The Louisville Gas and Electric (LG&E) Paddy’s Run Power Plant is a defunct power generating facility in southwestern Louisville, Kentucky, located at the confluence of Paddy’s Run stream and the Ohio River. Planning for the coal-fired power plant in the Rubbertown district of the city began in the 1930s, when the majority of the 140 antiquated steam power plants that dotted the city only decades prior were being phased out.1
In 1939, the LG&E board of directors ordered two 25,000 KW steam-powered electrical generators for the new plant.1 Just two weeks after the order was placed, however, the federal government banned all utilities from expanding with new construction, anticipating that a major war was imminent. Paddy’s Run was one of the few contracts that was allowed to proceed, and construction of the facility was completed in 1942.
The additional capacity allowed LG&E to be designated a national defense utility, and spurred further industrial development at Rubbertown.1 A large chemical industry developed in the vicinity of the power plant, manufacturing neoprene, butadiene and other synthetic chemicals that was used in the war effort.
Paddy’s Run was supplemented by the Cane Run Station three miles downtstream along the Ohio River, which was completed in 1952.1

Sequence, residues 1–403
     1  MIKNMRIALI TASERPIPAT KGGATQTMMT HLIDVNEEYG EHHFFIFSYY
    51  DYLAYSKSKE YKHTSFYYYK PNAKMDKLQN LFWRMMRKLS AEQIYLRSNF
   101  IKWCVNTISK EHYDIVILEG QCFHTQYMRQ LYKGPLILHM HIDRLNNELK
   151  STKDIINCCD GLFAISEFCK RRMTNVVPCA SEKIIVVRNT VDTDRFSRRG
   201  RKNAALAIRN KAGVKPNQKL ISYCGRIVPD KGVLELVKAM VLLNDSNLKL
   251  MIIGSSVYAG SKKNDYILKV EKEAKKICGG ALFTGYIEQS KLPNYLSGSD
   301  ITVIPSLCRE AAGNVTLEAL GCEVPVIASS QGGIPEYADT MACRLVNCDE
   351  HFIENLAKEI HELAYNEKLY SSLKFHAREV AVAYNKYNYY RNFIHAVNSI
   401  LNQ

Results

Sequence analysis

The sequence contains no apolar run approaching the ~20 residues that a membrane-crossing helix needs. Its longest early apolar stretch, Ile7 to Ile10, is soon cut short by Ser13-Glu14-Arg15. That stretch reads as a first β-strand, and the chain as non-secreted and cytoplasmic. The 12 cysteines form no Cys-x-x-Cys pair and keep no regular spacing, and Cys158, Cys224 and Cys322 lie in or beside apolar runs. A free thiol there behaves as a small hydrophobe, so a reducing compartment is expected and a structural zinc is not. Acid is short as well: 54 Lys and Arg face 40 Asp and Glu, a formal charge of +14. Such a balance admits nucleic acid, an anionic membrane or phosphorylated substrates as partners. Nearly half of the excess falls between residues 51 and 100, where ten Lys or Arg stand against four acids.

By the 1970s, the Paddy’s Run power station had become antiquated, and was used primarily to meet summer peak requirements.2 In April 1973, in an effort to curb pollutants in what was billed as a pilot project and among the first of its type in the United States, LG&E installed a carbide lime flue gas desulfurization (FGD) on boiler number 6, which was being operated infrequently because of its low thermal efficiency. Another FGD was installed later on another boiler, and a third unit featured a dual-alkali process.3 The FGD system utilized carbide lime, a waste by-product from a nearby acetylene industrial plant. Based on the process of the FGD demonstration, the scrubbing system was installed at other LG&E power plants.
The LG&E Paddy’s Run Power Plant was closed in 1982.4[/stag_one_half] [stag_one_half_last] [/stag_one_half_last] [/stag_columns]